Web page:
Friday, 30 July 2021


F9's most arresting minutes are a series of beautifully grainy, magic hour memories that Vin Diesel's Dominic Toretto uses to make sense of his current predicament. Initially glimpsed as an opening gambit - complete with a period appropriate (and slightly beaten up) Universal Pictures logo - these late 80s recollections move the character further away from the grumpy default first seen in Rob Cohen's The Fast and the Furious, conjuring up a self-consciously mythic backstory involving the bone-deep pain of familial betrayal and a circuit race track straight out of Tony Scott's Days of Thunder. It's notable that the adult Diesel only passes through those moments, observing and reconfiguring them from a detached, third-person, perspective. The actor-producer isn't de-aged or otherwise given a computer generated makeover either. Instead, the task of extracting emotional vulnerability from such a knowingly gruff character is entrusted to Vinnie Bennett, an actor from New Zealand.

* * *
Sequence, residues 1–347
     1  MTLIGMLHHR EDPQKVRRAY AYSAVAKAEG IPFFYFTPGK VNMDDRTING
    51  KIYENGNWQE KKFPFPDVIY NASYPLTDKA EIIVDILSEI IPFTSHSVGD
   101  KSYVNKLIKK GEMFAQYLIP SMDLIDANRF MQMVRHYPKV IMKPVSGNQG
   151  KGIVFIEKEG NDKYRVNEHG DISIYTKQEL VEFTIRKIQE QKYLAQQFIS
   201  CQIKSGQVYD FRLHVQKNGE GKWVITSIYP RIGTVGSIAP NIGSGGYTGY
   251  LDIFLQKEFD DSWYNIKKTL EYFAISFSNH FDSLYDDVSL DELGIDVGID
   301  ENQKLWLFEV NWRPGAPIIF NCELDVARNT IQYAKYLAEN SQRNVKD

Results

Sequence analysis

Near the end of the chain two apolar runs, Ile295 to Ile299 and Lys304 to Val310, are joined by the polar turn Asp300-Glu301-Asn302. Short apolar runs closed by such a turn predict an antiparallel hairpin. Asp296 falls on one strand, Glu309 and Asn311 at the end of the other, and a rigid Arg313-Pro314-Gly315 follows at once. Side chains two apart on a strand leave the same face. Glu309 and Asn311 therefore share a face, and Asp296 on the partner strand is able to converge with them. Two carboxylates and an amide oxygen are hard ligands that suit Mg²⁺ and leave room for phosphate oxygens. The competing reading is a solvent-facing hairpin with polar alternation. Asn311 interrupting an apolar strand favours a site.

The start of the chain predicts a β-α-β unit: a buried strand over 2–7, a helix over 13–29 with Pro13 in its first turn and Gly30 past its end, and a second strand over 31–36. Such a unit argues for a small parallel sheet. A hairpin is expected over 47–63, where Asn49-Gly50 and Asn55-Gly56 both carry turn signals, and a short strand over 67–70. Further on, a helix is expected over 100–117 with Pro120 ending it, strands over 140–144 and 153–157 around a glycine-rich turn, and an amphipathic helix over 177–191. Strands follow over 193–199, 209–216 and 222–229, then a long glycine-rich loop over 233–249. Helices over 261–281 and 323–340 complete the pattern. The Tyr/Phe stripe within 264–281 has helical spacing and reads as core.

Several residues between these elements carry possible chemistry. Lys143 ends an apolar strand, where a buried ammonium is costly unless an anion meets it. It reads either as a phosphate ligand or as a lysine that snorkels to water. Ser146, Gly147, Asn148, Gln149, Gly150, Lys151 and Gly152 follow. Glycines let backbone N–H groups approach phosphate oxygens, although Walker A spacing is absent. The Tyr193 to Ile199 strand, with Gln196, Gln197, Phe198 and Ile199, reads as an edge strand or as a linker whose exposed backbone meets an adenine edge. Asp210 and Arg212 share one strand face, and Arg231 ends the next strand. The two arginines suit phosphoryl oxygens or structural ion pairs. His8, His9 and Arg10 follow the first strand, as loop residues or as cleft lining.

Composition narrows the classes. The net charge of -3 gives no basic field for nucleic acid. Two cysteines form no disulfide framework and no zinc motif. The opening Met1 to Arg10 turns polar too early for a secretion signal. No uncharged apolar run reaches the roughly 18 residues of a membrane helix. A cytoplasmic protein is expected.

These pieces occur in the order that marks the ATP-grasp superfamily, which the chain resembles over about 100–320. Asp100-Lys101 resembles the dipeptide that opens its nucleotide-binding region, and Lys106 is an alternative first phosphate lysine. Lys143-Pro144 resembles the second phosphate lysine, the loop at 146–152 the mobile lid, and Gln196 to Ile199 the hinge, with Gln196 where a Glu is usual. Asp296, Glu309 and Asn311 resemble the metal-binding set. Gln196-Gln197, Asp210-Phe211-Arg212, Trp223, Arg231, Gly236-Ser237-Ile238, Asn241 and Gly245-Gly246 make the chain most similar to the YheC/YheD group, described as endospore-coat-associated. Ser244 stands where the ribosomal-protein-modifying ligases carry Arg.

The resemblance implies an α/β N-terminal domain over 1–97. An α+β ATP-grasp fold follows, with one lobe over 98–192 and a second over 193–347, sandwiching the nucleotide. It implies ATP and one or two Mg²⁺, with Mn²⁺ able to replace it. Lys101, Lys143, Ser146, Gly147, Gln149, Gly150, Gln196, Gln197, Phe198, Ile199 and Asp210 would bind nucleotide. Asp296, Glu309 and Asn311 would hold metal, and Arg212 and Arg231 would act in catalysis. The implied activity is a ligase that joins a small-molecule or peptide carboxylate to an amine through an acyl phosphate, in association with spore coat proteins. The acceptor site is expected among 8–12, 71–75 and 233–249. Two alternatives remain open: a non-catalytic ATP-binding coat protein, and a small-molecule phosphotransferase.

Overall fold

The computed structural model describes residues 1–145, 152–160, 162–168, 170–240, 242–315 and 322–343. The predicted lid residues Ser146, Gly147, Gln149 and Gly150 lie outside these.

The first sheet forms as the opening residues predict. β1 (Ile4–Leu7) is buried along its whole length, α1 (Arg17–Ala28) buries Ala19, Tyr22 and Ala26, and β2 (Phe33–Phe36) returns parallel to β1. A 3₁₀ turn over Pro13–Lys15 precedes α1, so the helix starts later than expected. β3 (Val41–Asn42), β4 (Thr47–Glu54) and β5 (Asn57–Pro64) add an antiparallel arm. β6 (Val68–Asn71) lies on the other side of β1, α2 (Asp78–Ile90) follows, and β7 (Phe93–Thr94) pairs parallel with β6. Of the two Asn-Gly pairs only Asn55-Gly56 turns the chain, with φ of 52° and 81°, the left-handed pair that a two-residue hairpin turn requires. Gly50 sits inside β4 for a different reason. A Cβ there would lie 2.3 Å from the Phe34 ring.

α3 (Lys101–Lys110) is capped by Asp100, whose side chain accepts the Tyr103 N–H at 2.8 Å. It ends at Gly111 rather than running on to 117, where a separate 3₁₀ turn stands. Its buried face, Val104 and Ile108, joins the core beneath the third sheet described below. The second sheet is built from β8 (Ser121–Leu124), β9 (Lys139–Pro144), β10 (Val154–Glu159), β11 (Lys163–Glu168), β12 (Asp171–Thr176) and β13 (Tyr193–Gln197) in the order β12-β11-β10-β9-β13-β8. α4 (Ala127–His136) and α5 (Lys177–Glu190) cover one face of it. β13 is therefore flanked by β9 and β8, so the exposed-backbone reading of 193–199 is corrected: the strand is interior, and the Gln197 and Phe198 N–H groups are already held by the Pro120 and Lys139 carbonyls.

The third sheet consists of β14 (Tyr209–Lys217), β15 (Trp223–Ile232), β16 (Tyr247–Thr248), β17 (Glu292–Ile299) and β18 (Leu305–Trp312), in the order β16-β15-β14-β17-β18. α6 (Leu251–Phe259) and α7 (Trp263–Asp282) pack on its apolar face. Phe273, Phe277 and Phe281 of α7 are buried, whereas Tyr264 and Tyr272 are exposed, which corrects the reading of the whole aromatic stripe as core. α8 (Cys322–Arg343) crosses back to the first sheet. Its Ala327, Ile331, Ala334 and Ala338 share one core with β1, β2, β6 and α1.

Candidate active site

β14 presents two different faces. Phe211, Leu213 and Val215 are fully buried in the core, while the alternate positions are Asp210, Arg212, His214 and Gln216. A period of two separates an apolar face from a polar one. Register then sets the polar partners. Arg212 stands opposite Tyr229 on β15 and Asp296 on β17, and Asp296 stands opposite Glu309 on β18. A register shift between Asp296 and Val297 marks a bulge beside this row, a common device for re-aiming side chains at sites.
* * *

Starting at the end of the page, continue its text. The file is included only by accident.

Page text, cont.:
Bennett's Dominic - as well as the milieu he inhabits - are a softer, more human alternative to the state-of-the-art noise around them. Viewed in the totality of Justin Lin's film they are, at least initially, a necessary diversion; textural information spliced into the rigidly digital F9, designed to make sense of John Cena's character - a dark reflection for Dom, foisted on the series ten laps deep. This ungainliness is all over F9, a sequel that seems more concerned with re-stablishing a status quo for further instalments than moving any of these characters in exciting directions right now. To wit, Dwayne Johnson's uneasy ally is replaced by a different, but no less musclebound, WWE wrestler while the death of Sung Kang's Han is rewritten yet again, this time to put his easy-going charm back in an operations room that has, understandably, skewed morose since Paul Walker's real life death. As Lin's film heads deeper and deeper into the tech-babble and empty posturing required to prop up yet-another mind-numbing treasure hunt, the appeal of the NWA scored flashbacks only grows. The seething simplicity of two teenage petrolheads squabbling over the memory of their father - each armed with a distinctly different account of Toretto Sr. - plays sincere by comparison. 

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